Researchers are finding brains of women and men display distinctive differences that are shaped by the interplay of heredity, experience, and biochemistry. Science writer Robert Lee Hotz explains on Lunch Break. Photo: Getty Images.
So many things come down to connections—especially the ones in your brain.
Women and men display distinctive differences in how nerve fibers connect various regions of their brains, according to a half-dozen recent studies that highlight gender variation in the brain’s wiring diagram. There are trillions of these critical connections, and they are shaped by the interplay of heredity, experience and biochemistry.
No one knows how gender variations in brain wiring might translate into thought and behavior—whether they might influence the way men and women generally perceive reality, process information, form judgments and behave socially—but they are sparking controversy.
“It certainly is incendiary,” said Paul Thompson, a professor of neurology and director of the University of Southern California’s Imaging Genetics Center. He is directing an effort to assemble a database of 26,000 brain scans from 20 countries to cross-check neuroimaging findings. “People who look at findings about sex differences are excited or enraged,” he said.
Combined brain scans of 949 subjects, ages 8 to 22, show how neural connections differ by gender. Male brains, top, have more connections within hemispheres (blue lines). Female brains, bottom, have more between hemispheres (orange lines). Proceedings of The National Academy of Sciences/University of Pennsylvania
Researchers are looking at the variations to explain the different ways men and women respond to health issues ranging from autism, which is more common among men, and multiple sclerosis, which is more common among women, to strokes, aging and depression. “We have to find the differences first before we can try to understand them,” said Neda Jahanshad, a neurologist at USC who led the research while at the University of California, Los Angeles.
Dr. Jahanshad and her UCLA collaborators conducted a 2011 brain-imaging study of healthy twins, including 147 women and 87 men, to trace connections in the brain. She discovered “significant” sex differences in areas of the brain’s frontal lobe, which is associated with self-control, speech and decision-making.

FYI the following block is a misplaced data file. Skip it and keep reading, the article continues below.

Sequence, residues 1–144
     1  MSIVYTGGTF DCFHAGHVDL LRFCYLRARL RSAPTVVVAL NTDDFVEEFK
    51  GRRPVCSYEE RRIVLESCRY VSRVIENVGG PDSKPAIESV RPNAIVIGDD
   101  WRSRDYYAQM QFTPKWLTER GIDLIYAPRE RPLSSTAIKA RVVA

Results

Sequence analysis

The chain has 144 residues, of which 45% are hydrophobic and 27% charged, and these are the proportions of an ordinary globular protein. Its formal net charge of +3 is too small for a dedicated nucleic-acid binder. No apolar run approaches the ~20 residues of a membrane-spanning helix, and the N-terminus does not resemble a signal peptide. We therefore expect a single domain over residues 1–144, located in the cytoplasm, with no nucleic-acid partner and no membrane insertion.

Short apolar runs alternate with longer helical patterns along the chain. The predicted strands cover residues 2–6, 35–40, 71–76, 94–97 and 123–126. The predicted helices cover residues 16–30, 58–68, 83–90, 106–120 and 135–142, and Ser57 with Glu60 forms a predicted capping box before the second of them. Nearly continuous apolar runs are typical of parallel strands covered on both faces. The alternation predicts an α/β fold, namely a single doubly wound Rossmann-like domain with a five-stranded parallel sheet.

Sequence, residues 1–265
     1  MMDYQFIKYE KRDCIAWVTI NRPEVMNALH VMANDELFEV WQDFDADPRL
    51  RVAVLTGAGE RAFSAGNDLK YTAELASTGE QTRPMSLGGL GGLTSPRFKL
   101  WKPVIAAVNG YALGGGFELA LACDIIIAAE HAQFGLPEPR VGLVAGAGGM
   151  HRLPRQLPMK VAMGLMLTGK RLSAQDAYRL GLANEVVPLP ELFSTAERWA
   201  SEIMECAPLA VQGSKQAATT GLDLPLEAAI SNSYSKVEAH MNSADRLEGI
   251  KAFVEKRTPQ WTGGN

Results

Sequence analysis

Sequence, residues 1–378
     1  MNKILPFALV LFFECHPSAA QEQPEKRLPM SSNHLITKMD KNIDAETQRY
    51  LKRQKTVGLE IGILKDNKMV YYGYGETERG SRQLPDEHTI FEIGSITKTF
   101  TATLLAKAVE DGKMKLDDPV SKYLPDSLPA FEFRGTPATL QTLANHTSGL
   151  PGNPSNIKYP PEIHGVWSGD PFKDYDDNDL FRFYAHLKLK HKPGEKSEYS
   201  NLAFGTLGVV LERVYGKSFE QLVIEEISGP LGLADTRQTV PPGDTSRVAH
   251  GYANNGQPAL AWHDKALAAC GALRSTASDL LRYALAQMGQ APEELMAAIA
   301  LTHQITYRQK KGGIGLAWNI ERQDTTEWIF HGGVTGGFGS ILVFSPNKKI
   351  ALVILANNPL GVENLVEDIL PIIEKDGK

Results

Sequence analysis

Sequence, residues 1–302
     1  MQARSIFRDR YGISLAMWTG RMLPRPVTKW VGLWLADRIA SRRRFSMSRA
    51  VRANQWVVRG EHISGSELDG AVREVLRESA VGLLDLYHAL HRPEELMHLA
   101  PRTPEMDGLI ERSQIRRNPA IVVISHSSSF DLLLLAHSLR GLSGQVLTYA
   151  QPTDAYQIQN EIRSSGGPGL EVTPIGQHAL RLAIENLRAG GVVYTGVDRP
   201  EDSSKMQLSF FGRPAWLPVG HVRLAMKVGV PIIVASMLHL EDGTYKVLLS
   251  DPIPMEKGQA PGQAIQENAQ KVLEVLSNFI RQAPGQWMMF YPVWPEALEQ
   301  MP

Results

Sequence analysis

In the most comprehensive study so far, scientists led by biomedical analyst Ragini Verma at the University of Pennsylvania found the myriad connections between important parts of the brain developed differently in girls and boys as they grow, resulting in different patterns of brain connections among young women and young men.
The team imaged the brains of 949 healthy young people, 521 females and 428 males, ranging in age from 8 to 22. Like Dr. Jahanshad’s team, Dr. Verma employed a technique called Diffusion Tensor Imaging to trace how water molecules align along the brain’s white-matter nerve fibers, which form the physical scaffolding of thought. The study was reported earlier this month in the journal the Proceedings of the National Academy of Sciences.
Pairs of scan images show gender differences in brain wiring in childhood (1), adolescence (2) and young adulthood (3). Male brains are on left, female on right.University of Pennsylvania, Proceedings of The National Academy of Sciences.
The neural patterns emerged only when combining results from hundreds of people, experts said. In any one person, gender patterns may be subsumed by the individual variations in brain shape and structure that help make every person unique.
Dr. Verma’s maps of neural circuitry document the brain at moments when it is in a fury of creation. Starting in infancy, the brain normally produces neurons at a rate of half a million a minute, and reaches out to make connections two million times a second. By age 5, brain size on average has grown to about 90% of adult size. By age 20, the average brain is packed with about 109,000 miles of white matter tissue fibers, according to a 2003 Danish study reported in the Journal of Comparative Neurology.
Spurred by the effects of diet, experience and biochemistry, neurons and synapses are ruthlessly pruned, starting in childhood. The winnowing continues in fits and starts throughout adolescence, then picks up again in middle age. “In childhood, we did not see much difference” between male and female, Dr. Verma said. “Most of the changes we see start happening in adolescence. That is when most of the male-female differences come about.”
Broadly speaking, women in their 20s had more connections between the two brain hemispheres while men of the same age had more connective fibers within each hemisphere. “Women are mostly better connected left-to-right and right-to-left across the two brain hemispheres,” Dr. Verma said. “Men are better connected within each hemisphere and from back-to-front.”
That suggests women might be better wired for multitasking and analytical thought, which require coordination of activity in both hemispheres. Men, in turn, may be better wired for more-focused tasks that require attention to one thing a time. But the researchers cautioned such conclusions are speculative.
Experts also cautioned that subtle gender differences in connections can be thrown off by normal disparities in brain size between men and women and in the density of brain tissue. Other factors, such as whether one is left- or right-handed, also affect brain structure.
Also affecting results are differences in how computer calculations are carried out from one lab to the next. “With neuroimaging, there are so many ways to process the data that when you do process things differently and get the same result, it is fantastic,” Dr. Jahanshad said.
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